Synesthesia Suits

Thinking In Public
March 6, 2017
Announcing: Summer Teacher Training Fellowship
April 5, 2017

I just returned from SXSW, where I spent several hours with the folks from Sony CSL and had the opportunity to test out a bunch of new whole-body virtual experiences. Rather than wiring in and losing myself in the immersive story, my physical body was taken along for the ride. I mean that literally––one experimental project involves a stationary bike and video dome. At the moment, it’s a game meant to let you have fun without letting your body atrophy into the couch, but it made me think through future scenarios for human-machine perception and how computers will someday make us feel.

For example, one prototype––a synesthesia suit––is designed to let us feel music, rather than simply listening to it. A traditional head-mounted VR display and sound-blocking earphones communicate with a series of 26 actuators, which vibrate in different sequences to simulate stringed instruments, woodwinds and percussion. Additional sensors could be used to artificially speed our heart rates, or make us feel as though we’re sweating. Here are some plausible future applications I’m mapping:

  • Haptic news stories, allowing you to feel what you see. Which is interesting for news organizations: imagine being able to feel, even in a very small way,  what it’s like to cross a border as a refugee? Or to be beaten up? Or shot––by a police officer, a gang member, or a toddler playing with a gun?
  • Haptic marketing. For brands, imagine giving your customers the ability to feel the texture of a fabric or the pressure points inside a new shoe? Or a way to stimulate pleasure receptors while watching a commercial for pharmaceuticals?
  • Haptic rehabilitation therapies. For stroke victims, this early experimentation could signal a new kind of prosthesis that simulates touch and temperature.
  • Full-body haptic training for sports and fitness. For certain sports––golf especially––a synesthesia suit could offer a more advanced way to improve your game.

More impressive were the collaborative experiences that required VR goggles––but instead showed video in real-time. I tried a human perception experiment along with three other players. Our head-mounted VR displays didn’t transport us into some fictional world, but rather split the real world into four squares representing the perspectives of each of the players. To start the game, we had to cooperate to form a square looking only through our displays, each of us building a corner with our fingers and thumbs. Then we played tag, hiding inside of a maze as we watched each other move around.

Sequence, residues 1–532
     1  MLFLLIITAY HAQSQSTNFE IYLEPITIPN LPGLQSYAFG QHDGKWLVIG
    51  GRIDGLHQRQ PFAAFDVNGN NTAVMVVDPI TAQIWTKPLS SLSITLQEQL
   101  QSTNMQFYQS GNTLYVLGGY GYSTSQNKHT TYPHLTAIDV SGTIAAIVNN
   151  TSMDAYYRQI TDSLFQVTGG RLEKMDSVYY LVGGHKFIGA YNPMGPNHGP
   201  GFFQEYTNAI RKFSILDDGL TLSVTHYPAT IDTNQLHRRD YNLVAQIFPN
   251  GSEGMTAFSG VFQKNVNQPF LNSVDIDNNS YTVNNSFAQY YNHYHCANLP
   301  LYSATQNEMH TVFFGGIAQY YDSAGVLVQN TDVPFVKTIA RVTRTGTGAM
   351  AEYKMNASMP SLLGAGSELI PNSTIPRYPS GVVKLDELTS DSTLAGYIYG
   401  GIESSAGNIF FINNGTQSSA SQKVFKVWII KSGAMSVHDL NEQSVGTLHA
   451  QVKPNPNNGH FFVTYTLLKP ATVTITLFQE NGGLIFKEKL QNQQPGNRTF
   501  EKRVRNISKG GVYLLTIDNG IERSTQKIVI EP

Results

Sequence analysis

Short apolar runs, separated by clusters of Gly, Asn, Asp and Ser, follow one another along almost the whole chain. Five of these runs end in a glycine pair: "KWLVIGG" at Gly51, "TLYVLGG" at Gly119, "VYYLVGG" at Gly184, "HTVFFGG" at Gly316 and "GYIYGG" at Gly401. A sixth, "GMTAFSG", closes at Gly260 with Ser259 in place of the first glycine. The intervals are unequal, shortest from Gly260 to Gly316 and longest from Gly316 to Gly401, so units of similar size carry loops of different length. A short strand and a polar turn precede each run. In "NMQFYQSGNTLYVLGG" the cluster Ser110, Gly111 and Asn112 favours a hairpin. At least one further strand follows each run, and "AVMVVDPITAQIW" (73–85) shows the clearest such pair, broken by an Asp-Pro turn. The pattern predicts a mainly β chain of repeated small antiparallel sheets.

This collaborative perception technology has an obvious use case for warfare. But think of all the other times it’d be useful to see multiple perspectives at once: live events (games, concerts)… doing basic electrical work inside of a home or building… remote-teaching students how to write in a foreign language… surgeons, doctors and nurses practicing a complicated surgery before performing it on a real patient… There are numerous opportunities here for brands, orchestras, universities, stadiums.

The point of the tag experiment, created by Sony CSL’s Shunichi Kasahara, is to push the limits of human perception, and for a few moments I felt physically tethered to a different kind of future, one in which more of my senses are activated at once. Here’s how Kasahara describes the technology: “For realtime observation, the reflection upon behaviors, and post analysis, we embedded a small IR camera and IR-LED into the head mounted smartphone goggles to capture the single eye image. Then we implemented an eye tracking system with standard computer vision pupil detection. This allows researchers and audience of the workshops to observe and interpret the relationship between behavior of participants and eye movement. Therefore, we can carefully observe what they do consciously and what is happening unconsciously.”

I couldn’t help but think about the far-future of body ownership. In these experiments, only I had the ability to move my arms and legs, but given the human-robotic interfaces I know are being researched elsewhere, it was hard not to fast forward to scenarios in which my physical body was being controlled by a team of people, much like teams of people control robots today. Our bodies are machines, after all, directed by the squishy computers inside our skulls.

-Amy Webb

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